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California’s Department of Motor Vehicles (DMV) on Tuesday morning suspended immediately Cruise’s autonomous vehicle deployment and driverless testing permits. The DMV said the Cruise vehicles are a risk to the public based on a string of recent incidents and that the company “misrepresented” the safety of its robotaxis.
California officials said Cruise, a division of General Motors, didn’t show regulators complete footage of an Oct. 2 incident in downtown San Francisco where a Cruise robotaxi dragged a woman after she was hit by a different car being driven by a human. The Cruise robotaxi was braking but couldn’t avoid striking the pedestrian who was struck by a hit-and-run driver.
According to the DMV, Cruise withheld footage of the incident in which its robotaxi attempted to pull over while the pedestrian was under the vehicle, dragging her for around 20 feet at a speed of 7 MPH before stopping. “Footage of the subsequent movement of the AV to perform a pullover maneuver was not shown to the [DMV] and Cruise did not disclose that any additional movement of the vehicle had occurred after the initial stop,” the DMV wrote.
The DMV said it learned of the subsequent movement “via discussion with another government agency.”
Cruise is disputing that it withheld footage or information from the DMV. Cruise said it showed the complete video to the DMV multiple times during a meeting on Oct. 3 and later provided a copy of the full video to the agency. Cruise posted a blog this morning called “A detailed review of the recent SF hit-and-run incident” with its view of how things unfolded with the incident and subsequent investigation.
The DMV added that “Cruise’s vehicles may lack the ability to respond in a safe and appropriate manner during incidents involving a pedestrian.”
The DMV is allowing Cruise to continue testing with a human safety driver, but it must meet a number of steps to reinstate the suspended permits and restart autonomous operations.
Cruise said it learned of the suspension at 10:30 a.m. this morning, which is about 15 minutes after the DMV issued a press release. Cruise posted the following statement on social media:
“As a result, we will be pausing operations of our driverless AVs in San Francisco. Ultimately, we develop and deploy autonomous vehicles in an effort to save lives. In the incident being reviewed by the DMV, a human hit-and-run driver tragically struck and propelled the pedestrian into the path of the AV. The AV braked aggressively before impact and because it detected a collision, it attempted to pull over to avoid further safety issues. When the AV tried to pull over, it continued before coming to a final stop, pulling the pedestrian forward. Our thoughts continue to be with the victim as we hope for a rapid and complete recovery.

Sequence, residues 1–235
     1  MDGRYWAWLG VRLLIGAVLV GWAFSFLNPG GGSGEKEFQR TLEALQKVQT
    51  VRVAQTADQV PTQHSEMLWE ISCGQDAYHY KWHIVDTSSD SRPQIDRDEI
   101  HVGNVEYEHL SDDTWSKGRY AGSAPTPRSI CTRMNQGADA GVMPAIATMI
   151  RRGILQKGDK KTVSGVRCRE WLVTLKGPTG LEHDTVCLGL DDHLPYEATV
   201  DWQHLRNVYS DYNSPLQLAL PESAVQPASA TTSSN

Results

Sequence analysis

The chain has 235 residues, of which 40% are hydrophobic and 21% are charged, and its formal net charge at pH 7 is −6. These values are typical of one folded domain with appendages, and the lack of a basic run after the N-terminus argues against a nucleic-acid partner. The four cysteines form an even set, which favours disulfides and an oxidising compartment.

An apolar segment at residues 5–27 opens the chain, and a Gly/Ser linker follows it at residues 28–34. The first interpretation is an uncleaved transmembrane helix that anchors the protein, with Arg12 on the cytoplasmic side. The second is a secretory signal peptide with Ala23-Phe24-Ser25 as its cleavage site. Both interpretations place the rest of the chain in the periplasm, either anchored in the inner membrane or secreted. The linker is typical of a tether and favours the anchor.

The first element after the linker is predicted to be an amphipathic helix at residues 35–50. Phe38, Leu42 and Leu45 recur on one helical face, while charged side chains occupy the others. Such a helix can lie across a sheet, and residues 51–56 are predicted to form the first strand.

“Shortly after the incident, our team proactively shared information with the California DMV, CPUC, and NHTSA, including the full video. We have stayed in close contact with regulators to answer their questions and assisted the police with identifying the vehicle of the hit-and-run driver. Our teams are currently doing an analysis to identify potential enhancements to the AV’s response to this kind of extremely rare event.”
Just getting started
The suspension comes less than three months after Cruise, and competitor Waymo, received final permits to offer commercial robotaxi services across San Francisco 24 hours a day, seven days a week. Just days after, however, Cruise was involved in a number of incidents, including multiple instances of blocking traffic for periods of time, a collision with an emergency response vehicle, driving over and getting stuck in wet cement, and more.
A string of incidents occurred within days of receiving the CPUC permit, including a collision between a Cruise robotaxi and an emergency vehicle that left a passenger injured. The DMV told Cruise it had to reduce its robotaxi fleet to 50% while the department investigated that incident. That prompted some San Francisco city officials to formally request that state regulators redo an August hearing that expanded robotaxi permits for Cruise and Waymo.
“Public safety remains the California DMV’s top priority, and the department’s autonomous vehicle regulations provide a framework to facilitate the safe testing and deployment of this technology on California public roads,” the DMV said. “When there is an unreasonable risk to public safety, the DMV can immediately suspend or revoke permits. There is no set time for a suspension.”
GM CEO Mary Barra recently said GM believes “Cruise has a tremendous opportunity to grow and expand and that the company could generate $50 billion a year in annual revenue by 2030. On Tuesday, GM reported it lost $732 million on Cruise during the third quarter of 2023.
The Robot Report reached out to Waymo for comment, but Waymo said it is not commenting on the story.